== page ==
Every Time I Die on bowling, beards & Billboard

After 15 years, Buffalo, NY metalcore band Every Time I Die charted in the Top 20 with a record that found them exorcising demons. Ahead of tonight’s show, Cult MTL spoke to frontman Keith Buckley about Ex Lives, looking back in anguish and ushering in more lighthearted material, possibly about solving Rubik’s cubes while masturbating.

Every Time I Die. Photo by Josh Hulstein

The members of Buffalo, NY metalcore band Every Time I Die are men’s men — they’re notoriously good bowlers, are covered in tattoos and have luxurious beards.

The beards are one thing. Whether growing a beard is, as singer Keith Buckley says, a way of reclaiming one’s manhood and revolting against the hopelessly emasculated, or simply a consequence of long tours and poor hygiene, it’s an enigma most women don’t care to unwrap.

But the metalcore is another. Previously a relatively unknown crossbreed of metal and hardcore and an unpopular subgenre, now a reason 18-year-old boys in wife-beaters get neck tattoos, metalcore is both loathed and loved in the underground.

Every Time I Die, for their part, have been at it for 15 years — and metalcore’s rise in popularity is, if anything, maybe a pat on the back and a way to earn a decent living.

Their last album, 2012’s Ex Lives, was their highest-charting album to date, earning them the No. 20 spot on Billboard’s Top 200 when it was released last March.

“We’ve been going for 15 years,” says Buckley over the phone from Detroit. “It’s not like it’s about time, but we’ve worked hard. We work a lot harder than 95 per cent of the bands that exist today. And I think the hard work is finally paying off. It’s kind of an approving nod from the universe.”

Still, the recognition, as nice as it is to receive, isn’t the band’s end goal. And, as much as metalcore’s perceived to be an inferior subgenre by metal-loving Internet trolls, the band has every intention of sticking to it.

“We had no say in what became popular, and I don’t think we necessarily have a huge part in it. We’re only now doing our first real headlining tour,” Buckley says.

“Staying true [is] doing what you love despite the reaction of the public, be it good or bad. It would be disingenuous to change our style just to avoid onlookers.”

Instead, their reaction was more along the lines of, as he says, “We charted on Billboard. Huh. What’s next? Well, get in the van.”

Buckley started the band when he was 19 with his brother Jordan and guitarist Andy Williams (and two others who’ve since left), and it wasn’t long before they found themselves onstage at major European festivals.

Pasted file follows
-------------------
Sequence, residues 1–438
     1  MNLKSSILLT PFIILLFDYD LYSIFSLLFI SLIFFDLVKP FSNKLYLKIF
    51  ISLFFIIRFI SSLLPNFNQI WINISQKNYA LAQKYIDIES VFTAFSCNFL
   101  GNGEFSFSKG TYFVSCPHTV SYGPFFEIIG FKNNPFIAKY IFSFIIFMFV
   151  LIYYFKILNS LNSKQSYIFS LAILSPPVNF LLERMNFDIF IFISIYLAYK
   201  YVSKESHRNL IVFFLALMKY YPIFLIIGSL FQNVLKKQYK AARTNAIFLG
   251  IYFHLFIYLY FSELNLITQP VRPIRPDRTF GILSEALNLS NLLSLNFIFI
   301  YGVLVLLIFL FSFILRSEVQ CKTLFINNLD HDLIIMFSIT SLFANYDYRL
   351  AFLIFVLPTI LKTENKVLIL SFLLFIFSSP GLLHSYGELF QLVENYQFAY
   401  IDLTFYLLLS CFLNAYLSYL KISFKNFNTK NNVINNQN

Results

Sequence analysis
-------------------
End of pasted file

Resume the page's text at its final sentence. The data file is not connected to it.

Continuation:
Looking back on the early days, Buckley says he’s embarrassed.

“What business did a 19-year-old have standing on a stage in front of other people?” he says. “I did things that I can’t even fucking imagine doing now.”

“I’m talking about doing huge festivals when I was 19. Way too many people were watching us. I had no idea what I was doing,” he continues.

How they ended up in front of so many people is, as it usually is, a matter of who you know; Buckley acknowledges their early career as a band was built on being relatively decent human beings who happened to know a lot of people and promoters in positions to do them favours.

It was fortuitous then, but their success is deserved now. With six albums to their name, an exhaustive and perpetual tour schedule, as well as a successful sometimes-side project with Buckley and members of Anthrax and Fall Out Boy called the Damned Things, their work ethic is proof.

Ex Lives is a different breed of Every Time I Die record. With songs like “We’rewolf,” “Pornogratherapy” and “Who Invited the Russian Soldier?” gracing their earlier discography, the lyrical style usually employed by this hard-partying band is one laced with humour and sarcasm.

Yet the 2012 album is notably more somber. These aren’t the party anthems you’re looking for.

“That’s one of the reasons it’s called Ex Lives. I didn’t ever really want to be that way again,” he says.

Buckley wrote three or four of the songs appearing on the 2012 album while on tour with the Damned Things in Europe, and during a particularly tough period of his life.

To add to his stress, the album was recorded differently than previous efforts, partially owed to the fact that it was derived more organically — that is, not the exclusive product of a studio songwriting session. The band, filled out by bassist Stephen Micciche and drummer Ryan Leger, also recorded all in the same room for the first time, and Buckley’s songwriting was propelled by real-life happenings that came to a head on Ex Lives.

“It’s just a real gross bunch of music,” he says.

Though the album is lauded by critics for being more serious than the usual fare, Buckley has no intentions of returning to the same place for new material.

“I don’t like [the tone]. It’s weird. When I was writing it, I was in a terrible spot, mentally. Angry, super depressed, fucking miserable. So I don’t like it, and it’s not something I want to return to,” he says.

“I’m not like, ‘It’s record time. Let me go hurt somebody I love so I can have all this shit to write about.’”

Instead, Buckley’s looking forward to returning to more lighthearted material — the niche they’ve carved out for themselves since the start. On future albums, look for a song derived from our interview about solving Rubik’s cubes while masturbating. Then you’ll know Buckley’s back. ■

Every Time I Die plays with Vanna, No Bragging Rights, the Acacia Strain and Hundredth at Club Soda (1225 St-Laurent) tonight, Friday, March 8, 7 p.m., $20 in advance/$25 door

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